Bare Bones Brewery

Bare Bones Brewery: Start Small, Plan for Scale

"The SBDC was crucial to our finding financing," said Oshkosh brewery owner Dan Dringoli, who did his homework to ensure success in a booming trend.

Dan Dringoli describes Bare Bones Brewery as “a taproom where we make beer on site and provide a cozy place for folks to have a beer or two.” Launched in 2015, the business has grown steadily. “We’re up about 40 percent year-over-year since we started,” Dan said.

Serial entrepreneurs

Dan and his wife Patti had purchased a PuroClean disaster recovery franchise, attracted by the franchise model since they lacked prior entrepreneurial experience. Dan subsequently opened several LLCs.

Dan started home-brewing in the 1980s while in high school, then returned to the hobby in his mid-20s, but let it drop to focus on family and career. While opening a second PuroClean in Eagle River, he began spending time at a craft beer taproom, learning about the business from the owner. In 2014 he convinced his wife they should open a brewpub similar to the one in Eagle River.

Initially, Dan planned to purchase used equipment but discovered that with the dramatic expansion of craft brewing, used equipment was almost as expensive as new. Size mattered, too. “A lot of breweries start with a small system and then in a couple of years have to pay for a larger system. I didn’t want to be reinvesting just two years in,” Dan said. He started with a larger system, and now he’s reaping the benefits.

SBDC: pathway to funding

With significant investment required to start even a “bare bones” brewery, Dan needed a bank loan. He contacted the Small Business Development Center at UW-Oshkosh, where business counselor Phil Florek learned that “Dan had the attributes of a successful entrepreneur—in his passion, marketing strategy, and analysis, but most importantly, his focus.”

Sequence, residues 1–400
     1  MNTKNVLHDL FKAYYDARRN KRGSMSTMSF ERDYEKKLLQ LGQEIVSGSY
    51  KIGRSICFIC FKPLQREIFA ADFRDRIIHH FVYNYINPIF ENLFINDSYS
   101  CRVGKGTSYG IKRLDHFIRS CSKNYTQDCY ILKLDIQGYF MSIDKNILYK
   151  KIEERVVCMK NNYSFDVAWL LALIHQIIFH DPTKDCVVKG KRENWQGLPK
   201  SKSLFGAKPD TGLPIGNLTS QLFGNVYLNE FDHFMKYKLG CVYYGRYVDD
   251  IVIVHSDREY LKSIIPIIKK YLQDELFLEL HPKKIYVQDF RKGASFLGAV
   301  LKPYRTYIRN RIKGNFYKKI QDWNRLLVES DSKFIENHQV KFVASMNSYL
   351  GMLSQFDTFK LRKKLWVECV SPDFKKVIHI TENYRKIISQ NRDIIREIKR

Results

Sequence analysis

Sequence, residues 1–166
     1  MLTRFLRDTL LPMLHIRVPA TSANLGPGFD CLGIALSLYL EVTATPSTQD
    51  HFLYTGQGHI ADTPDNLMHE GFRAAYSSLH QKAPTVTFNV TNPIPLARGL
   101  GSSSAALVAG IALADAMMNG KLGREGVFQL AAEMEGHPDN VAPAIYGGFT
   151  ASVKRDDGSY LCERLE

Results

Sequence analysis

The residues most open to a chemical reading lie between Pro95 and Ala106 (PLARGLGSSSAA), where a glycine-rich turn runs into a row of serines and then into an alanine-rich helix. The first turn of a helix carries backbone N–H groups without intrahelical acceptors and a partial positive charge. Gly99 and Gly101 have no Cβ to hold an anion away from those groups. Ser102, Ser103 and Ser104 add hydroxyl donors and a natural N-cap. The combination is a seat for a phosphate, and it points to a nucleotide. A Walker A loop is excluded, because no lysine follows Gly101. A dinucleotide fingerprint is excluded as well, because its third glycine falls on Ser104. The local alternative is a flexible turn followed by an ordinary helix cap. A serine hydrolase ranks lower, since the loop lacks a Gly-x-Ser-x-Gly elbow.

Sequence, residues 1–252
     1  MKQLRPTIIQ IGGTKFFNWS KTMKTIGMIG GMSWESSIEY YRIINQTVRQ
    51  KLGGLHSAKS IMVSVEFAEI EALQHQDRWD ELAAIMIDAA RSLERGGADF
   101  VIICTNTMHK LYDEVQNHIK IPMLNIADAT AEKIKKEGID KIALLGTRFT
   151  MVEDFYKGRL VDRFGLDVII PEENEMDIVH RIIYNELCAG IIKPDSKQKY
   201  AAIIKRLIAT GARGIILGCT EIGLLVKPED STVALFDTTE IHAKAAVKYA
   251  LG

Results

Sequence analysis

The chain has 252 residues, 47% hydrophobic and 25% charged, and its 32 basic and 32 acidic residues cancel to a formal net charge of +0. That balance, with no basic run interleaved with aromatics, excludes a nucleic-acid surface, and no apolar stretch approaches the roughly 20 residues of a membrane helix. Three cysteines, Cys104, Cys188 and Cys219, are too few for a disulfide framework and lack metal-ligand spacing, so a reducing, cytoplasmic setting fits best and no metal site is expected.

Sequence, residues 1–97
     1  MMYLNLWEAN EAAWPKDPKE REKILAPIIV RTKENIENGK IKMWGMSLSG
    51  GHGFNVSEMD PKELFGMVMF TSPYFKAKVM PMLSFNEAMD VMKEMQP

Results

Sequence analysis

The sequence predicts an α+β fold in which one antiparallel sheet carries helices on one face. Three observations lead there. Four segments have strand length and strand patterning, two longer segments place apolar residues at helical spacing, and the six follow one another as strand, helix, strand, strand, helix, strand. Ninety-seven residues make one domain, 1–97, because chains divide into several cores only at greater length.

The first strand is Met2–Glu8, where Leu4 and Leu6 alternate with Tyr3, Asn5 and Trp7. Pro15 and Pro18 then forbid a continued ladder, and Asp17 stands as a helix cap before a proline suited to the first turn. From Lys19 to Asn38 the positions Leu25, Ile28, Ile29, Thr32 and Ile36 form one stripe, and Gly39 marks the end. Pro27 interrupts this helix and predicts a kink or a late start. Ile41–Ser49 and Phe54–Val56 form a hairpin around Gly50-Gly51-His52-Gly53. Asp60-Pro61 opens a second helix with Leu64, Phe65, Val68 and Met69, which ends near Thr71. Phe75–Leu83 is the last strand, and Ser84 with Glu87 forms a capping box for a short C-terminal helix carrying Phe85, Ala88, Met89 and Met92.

Phil provided business plan models and assisted Dan with financial projections. “He made us do our homework,” Dan recalled. “We looked at the exploding number of breweries opening and studied the failures. Usually, it’s because they were undercapitalized, so we wanted to ensure that didn’t happen to us.” Phil introduced Dan to a lender at Bank First National. Dan said, “For the bank to take a leap on us—it helped that Phil felt confident our business plan would work. The SBDC was crucial to our finding financing.”

The SBDC was crucial to our finding financing.
Dan Dingoli
Bare Bones Brewery
  • Business plan
  • Referrals and introductions for financing
  • Sounding board
Synergy between businesses

Dan’s Oshkosh PuroClean and the brewery share a building near both a busy highway and an all-season recreational trail that brings customers. Dan credits sufficient capitalization with helping him avoid the pitfalls of startup, but “another reason we’ve been successful is that I’ve learned to multi-purpose a building,” he said. “The beer crowd comes in 3-9 pm and on the weekends. At PuroClean we’re typically done at 4 pm. It just made sense for the businesses to share the overhead.” There are marketing advantages to the shared location too: Each business raises awareness of the other. “The brewery helps grow my PuroClean referrals. And for PuroClean I use the brewery taproom to teach classes for insurance agents and claims adjusters,” Dan said.

Bare Bones Brewery employs three full-time staff, including Brewmaster RJ Nordlund, plus a part-time brewer and servers. Wider distribution is the next goal: Dan feels there’s plenty of room for growth in the craft beer industry. “Our competition isn’t other microbreweries—it’s the big brands,” he said. “People want to buy local. They like to visit a city and tour two or three breweries. We build the market for each other.” 

Phil observed, “The SBDC works with hundreds of people who have a business idea. Very few reach fruition. The Dan Dringoli’s of the world make our job worth it.  He did everything he planned to do: Build a business, hire people, generate cash flow, and offer a tremendous product.”